We now know, because the British government has finally disclosed the fact, that 79% of respondents to the NIO consultation rejected the government’s proposals for the new laws. I have had no explanation as to why this fact was not made known, why the wording of the new law was not made available for discussion and consideration or why we were not allowed to see it until it was laid in Parliament.

The minister is wrong. He does not have to get these regulations through parliament”

Now the Northern Ireland Assembly has voted to reject the imposition of the new law.

They had two votes and altogether 75 of our 90 MLAs rejected the provisions for abortion to birth in cases of non-fatal disabilities including Down syndrome.

The NI Attorney General, the chief legal adviser to the NI Executive has advised that in producing these regulations the NIO minister has gone beyond the powers available him. The NIO minister could only make any law which the NI Assembly could make. The NI Assembly can only make laws which are compliant with the NI Act and European law obligations, among which are the obligation not to discriminate on grounds of disability or in the protection of rights of conscience.

The NIO minister has produced regulations which discriminate against unborn babies on the grounds of disability, since babies without a disability are protected from abortion from 24 weeks of gestation, but babies with a disability can be aborted up to birth.


The new law also discriminates against medical practitioners and others who have a genuine conscientious objection to being involved in abortion, as protection is available only to those who actually participate in the act of abortion. This means that nurse managers who have to organise theatre staffing rotas or pharmacists, for example, are not protected. As Lord Mackay, a former Lord Chancellor of Britain said in parliament last year: “It is not necessary or right to force people to do things that they hold to be wrong.”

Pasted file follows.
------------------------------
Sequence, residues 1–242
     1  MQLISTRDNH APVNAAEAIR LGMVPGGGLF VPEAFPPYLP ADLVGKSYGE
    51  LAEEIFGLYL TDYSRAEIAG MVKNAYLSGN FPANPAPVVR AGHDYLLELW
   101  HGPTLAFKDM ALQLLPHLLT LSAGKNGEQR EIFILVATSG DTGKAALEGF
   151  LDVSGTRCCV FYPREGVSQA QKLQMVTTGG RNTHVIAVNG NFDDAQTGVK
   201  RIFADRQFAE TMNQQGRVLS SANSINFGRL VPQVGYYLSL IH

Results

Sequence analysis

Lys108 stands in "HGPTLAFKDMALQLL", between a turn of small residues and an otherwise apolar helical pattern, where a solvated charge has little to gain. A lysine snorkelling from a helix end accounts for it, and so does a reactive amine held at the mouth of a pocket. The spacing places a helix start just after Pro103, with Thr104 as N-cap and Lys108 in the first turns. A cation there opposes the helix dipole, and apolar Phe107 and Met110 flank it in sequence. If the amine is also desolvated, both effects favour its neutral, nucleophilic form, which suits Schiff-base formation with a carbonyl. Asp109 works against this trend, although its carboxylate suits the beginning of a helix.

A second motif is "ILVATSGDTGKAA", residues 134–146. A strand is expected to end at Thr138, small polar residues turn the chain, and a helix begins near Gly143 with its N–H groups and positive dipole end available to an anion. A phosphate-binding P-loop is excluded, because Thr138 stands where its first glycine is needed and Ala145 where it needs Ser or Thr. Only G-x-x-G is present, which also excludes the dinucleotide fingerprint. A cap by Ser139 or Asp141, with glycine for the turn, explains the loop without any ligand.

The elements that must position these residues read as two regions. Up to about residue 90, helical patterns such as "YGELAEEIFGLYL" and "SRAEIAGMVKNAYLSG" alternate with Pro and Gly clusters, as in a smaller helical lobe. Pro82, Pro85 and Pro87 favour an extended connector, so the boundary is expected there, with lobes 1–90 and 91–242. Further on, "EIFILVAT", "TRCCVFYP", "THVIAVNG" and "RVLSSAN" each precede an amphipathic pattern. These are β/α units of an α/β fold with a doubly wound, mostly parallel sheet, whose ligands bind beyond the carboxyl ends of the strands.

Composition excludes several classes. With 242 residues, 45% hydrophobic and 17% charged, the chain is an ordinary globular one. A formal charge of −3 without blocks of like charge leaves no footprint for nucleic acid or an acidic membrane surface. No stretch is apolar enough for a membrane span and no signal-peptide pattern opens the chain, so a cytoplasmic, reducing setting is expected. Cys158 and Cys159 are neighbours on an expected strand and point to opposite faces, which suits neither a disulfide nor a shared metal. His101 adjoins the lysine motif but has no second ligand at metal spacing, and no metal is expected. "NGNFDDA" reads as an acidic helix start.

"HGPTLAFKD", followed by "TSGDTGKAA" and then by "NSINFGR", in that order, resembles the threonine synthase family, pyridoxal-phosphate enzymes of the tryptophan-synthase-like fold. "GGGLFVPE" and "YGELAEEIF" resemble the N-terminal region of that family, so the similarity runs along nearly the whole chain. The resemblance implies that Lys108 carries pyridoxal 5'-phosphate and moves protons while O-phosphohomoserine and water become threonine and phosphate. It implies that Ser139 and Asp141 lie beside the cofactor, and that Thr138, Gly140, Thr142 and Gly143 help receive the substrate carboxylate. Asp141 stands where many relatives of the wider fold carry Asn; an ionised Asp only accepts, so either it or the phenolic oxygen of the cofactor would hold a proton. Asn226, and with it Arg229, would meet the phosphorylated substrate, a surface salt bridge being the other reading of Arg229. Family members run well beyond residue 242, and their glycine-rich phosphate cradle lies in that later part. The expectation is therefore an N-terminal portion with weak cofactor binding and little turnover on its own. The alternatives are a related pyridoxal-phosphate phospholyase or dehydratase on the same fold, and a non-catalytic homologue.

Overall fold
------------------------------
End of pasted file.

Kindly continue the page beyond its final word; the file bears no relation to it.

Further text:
These new laws have been the subject of serious and significant criticism by MPs and peers from NI and other parts of the UK, by a Parliamentary Select Committee, and by a large number of people including eminent QCs and Church leaders in Northern Ireland. The Assembly has voted to reject them. Tens of thousands of our people have marched, protested, written to the British prime minister saying they do not want these laws.

Despite all this the British government is determined to force them upon the people of Northern Ireland against their will. Last week in parliament the NIO minister said he had to do this because the law required regulations to be passed. The law does require regulations. It specifies limited grounds upon which abortion should be introduced. It does not require abortion on demand.  It does not require abortion to birth when a baby has a foetal abnormality. Yet that is what the NIO minister has legislated for.

The minister is wrong. He does not have to get these regulations through Parliament. 79% of the people rejected these laws when they were proposed in the NIO Consultation. The NI Assembly voted to reject them last week.

It is time for Parliament to listen with respect to the NI Assembly, to NI’s politicians sitting in Westminster, to our Church leaders across the community, and to all the people who have called for the rejection of these regulations.